The challenge of a changing climate - Asda

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About Asda

Founded in the 1960s in Yorkshire, Asda is one of Britain’s leading retailers. It has 180,000 dedicated Asda colleagues serving customers from 580 stores. Its main office is in Leeds, Yorkshire and its George clothing division is in Lutterworth, Leicestershire. More than 18 million people shop at Asda stores every week and 98% of UK homes are served by www.ASDA.com. Asda joined Walmart, the world’s number one retailer, in 1999. Find out more about sustainability at Asda: your.asda.com/sustainability

The challenge of a changing climate

At Asda we’re committed to delivering great value and quality to our customers, while making sure we treat suppliers fairly and reduce waste and harm to the environment. We have an enduring and heartfelt commitment to sustainability, which goes hand-in-hand with our promise to deliver low cost every day and our mission to be Britain’s most trusted retailer. Our programme aims to bolster Asda’s resilience to the risks of climate change. We’ve carried out what we believe is a wide ranging analysis of long term climate trends and the implications for our supply chains and business operations. Now we’re going to implement a framework to adapt to these. We know that this century will see changes in climate that we have to deal with; in fact some of these impacts have already been seen, with extreme weather events disrupting communities, infrastructure and businesses right across Britain. The role of responsible business is to adapt to change, help others to do so, and work with suppliers and customers to make sure we cut carbon emissions and deliver a more stable climate future for our children. Asda is proud to take a lead. Paul Kelly, Vice President, Corporate Affairs, Asda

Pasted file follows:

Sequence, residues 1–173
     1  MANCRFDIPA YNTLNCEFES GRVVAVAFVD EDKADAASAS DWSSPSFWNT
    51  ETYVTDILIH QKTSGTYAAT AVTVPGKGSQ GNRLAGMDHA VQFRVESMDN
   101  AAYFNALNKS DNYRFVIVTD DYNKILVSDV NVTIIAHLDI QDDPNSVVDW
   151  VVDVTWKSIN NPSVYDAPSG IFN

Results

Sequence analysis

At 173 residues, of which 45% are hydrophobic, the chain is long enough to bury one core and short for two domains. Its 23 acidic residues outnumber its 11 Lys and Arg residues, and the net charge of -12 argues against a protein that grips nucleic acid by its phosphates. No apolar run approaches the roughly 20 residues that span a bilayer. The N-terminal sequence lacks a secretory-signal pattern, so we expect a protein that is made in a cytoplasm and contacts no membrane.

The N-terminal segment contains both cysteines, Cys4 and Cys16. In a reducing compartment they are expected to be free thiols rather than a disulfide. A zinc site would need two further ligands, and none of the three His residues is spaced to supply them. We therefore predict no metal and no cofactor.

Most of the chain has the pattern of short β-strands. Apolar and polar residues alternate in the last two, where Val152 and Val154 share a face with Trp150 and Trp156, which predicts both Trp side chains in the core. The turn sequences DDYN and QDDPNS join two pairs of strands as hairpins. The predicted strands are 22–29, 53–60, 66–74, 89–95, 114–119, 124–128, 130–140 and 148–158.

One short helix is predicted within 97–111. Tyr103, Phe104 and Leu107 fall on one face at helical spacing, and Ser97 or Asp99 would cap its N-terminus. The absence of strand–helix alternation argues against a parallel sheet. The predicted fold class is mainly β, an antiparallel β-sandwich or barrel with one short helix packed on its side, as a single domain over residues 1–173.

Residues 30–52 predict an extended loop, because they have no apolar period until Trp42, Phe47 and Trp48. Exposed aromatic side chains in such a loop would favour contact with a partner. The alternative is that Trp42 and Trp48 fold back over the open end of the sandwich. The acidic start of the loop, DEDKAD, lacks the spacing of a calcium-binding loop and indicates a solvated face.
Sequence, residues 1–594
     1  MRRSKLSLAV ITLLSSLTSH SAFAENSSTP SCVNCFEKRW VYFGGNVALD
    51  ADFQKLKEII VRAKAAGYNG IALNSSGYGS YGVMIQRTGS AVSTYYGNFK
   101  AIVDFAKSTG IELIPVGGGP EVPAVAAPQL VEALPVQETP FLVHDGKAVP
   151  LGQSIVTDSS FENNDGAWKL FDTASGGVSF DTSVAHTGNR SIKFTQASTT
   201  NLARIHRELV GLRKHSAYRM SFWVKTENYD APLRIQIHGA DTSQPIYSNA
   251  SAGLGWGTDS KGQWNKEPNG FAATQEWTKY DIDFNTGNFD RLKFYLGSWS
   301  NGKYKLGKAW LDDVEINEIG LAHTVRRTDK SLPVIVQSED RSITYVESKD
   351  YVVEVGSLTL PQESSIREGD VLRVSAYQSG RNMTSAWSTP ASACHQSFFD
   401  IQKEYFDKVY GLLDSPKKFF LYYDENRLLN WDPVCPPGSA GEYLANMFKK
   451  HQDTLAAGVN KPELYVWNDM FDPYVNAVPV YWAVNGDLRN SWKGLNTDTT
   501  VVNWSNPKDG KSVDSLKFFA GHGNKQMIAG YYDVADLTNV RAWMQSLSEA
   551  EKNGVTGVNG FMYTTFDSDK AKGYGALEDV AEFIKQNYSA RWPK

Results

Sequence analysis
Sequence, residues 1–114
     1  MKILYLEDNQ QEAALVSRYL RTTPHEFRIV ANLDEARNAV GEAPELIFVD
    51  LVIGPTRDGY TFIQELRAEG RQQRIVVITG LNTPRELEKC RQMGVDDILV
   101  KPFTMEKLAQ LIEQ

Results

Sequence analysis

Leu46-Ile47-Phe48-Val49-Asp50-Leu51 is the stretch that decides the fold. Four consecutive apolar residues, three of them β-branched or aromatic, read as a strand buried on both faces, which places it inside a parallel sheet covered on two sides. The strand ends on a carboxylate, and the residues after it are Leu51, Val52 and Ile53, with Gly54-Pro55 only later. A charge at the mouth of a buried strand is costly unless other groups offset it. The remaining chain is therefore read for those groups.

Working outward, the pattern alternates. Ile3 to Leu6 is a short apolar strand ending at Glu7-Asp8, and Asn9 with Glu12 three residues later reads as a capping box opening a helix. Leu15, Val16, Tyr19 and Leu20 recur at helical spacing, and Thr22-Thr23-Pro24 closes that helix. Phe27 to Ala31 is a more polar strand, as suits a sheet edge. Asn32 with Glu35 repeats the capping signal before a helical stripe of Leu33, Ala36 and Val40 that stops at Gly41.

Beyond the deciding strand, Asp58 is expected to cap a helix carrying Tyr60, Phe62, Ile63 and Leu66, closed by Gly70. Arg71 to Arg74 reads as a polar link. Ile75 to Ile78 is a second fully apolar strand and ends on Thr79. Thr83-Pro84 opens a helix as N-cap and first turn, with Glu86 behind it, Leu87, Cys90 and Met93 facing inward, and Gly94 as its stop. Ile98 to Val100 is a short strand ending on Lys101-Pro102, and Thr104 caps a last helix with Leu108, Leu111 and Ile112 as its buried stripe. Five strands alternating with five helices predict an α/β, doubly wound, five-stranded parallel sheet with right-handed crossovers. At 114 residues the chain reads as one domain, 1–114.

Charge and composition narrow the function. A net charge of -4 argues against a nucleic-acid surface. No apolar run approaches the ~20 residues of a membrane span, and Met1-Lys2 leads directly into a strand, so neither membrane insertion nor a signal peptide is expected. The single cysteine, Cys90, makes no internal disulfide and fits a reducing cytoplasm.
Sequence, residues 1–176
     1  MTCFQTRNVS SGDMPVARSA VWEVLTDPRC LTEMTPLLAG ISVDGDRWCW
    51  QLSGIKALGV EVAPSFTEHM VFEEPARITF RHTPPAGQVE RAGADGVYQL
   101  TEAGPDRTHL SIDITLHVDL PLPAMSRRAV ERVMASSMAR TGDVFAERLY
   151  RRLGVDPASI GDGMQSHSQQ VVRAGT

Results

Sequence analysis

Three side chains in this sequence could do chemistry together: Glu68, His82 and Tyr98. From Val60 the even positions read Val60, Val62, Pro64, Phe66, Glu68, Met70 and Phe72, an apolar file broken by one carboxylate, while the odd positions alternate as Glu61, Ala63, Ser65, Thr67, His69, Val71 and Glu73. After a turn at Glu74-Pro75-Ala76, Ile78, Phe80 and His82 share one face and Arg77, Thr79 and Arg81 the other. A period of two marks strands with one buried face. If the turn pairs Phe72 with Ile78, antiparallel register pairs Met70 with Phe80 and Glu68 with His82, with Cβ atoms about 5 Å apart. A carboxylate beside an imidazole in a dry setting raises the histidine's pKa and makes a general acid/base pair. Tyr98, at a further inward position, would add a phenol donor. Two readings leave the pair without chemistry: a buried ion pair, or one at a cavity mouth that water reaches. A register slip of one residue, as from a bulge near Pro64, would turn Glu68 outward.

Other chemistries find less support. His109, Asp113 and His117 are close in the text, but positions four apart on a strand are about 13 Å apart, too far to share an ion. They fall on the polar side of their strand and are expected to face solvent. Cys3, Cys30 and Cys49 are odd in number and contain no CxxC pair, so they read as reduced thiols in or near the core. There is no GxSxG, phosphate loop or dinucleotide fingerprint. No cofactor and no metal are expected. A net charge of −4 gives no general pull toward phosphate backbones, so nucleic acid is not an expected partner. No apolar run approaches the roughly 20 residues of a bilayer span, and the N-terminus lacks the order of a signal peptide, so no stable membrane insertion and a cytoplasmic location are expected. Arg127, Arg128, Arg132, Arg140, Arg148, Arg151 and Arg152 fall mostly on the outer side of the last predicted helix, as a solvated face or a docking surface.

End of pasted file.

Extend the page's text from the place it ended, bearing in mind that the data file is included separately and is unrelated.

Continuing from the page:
What’s going on?

Asda is committed to saving our customers money, every day. With this in mind, and in the face of a changing climate, we took the decision to examine the drivers that underpin our supply chain – the things that affect the price, quality and availability of our products – and how future changes in climate might impact upon them.

Bringing it home

No longer is climate change a subject just for environmentalists, it is already having an impact on businesses around the world and across all sectors. In fact, in 2011 economic and insured losses caused by natural catastrophes reached an all time high, with extreme weather events accounting for over 90% of all recorded disasters.1 Just think back to the start of 2014, when extreme flooding caused severe problems across much of the UK.

Working with specialists from PwC’s climate change and risk assessment teams, we have mapped our climate risks and developed a ‘Climate Adaptation Framework’. This has enabled us to find out to what extent our fresh produce, processed food lines, distribution systems and stores will be affected by climate change.

Here’s a snapshot of some of the impacts the climate has had on the food business around the world:

We believe it’s the UK’s broadest study on the future impacts of climate change on a multinational supply chain.

2011 And what exactly is happening? Extreme storms, flooding, drought… it’s a taste of things to come, and global food security and critical infrastructure are set to suffer unless we put serious efforts into adaptation.

1. Cheeseman, G. M. 2012. Climate Change Poses Many Business Risks. Triple Pundit. 27 July.

2. BBC News. 2013. British farmers face worst wheat harvest for a decade. 09 August.

3. Macalister, T. 2012. US slashes corn production forecast as drought raises crisis fears. The Guardian. 10 August.

2012

àà Record losses from global disasters ($148 bn)1

àà UK wheat crop one of the worst for decades2

àà Global agribusiness and food business, Bunge, lost $56m in a quarter due to droughts in its main growing areas in 20101

àà The US Government slashed its fo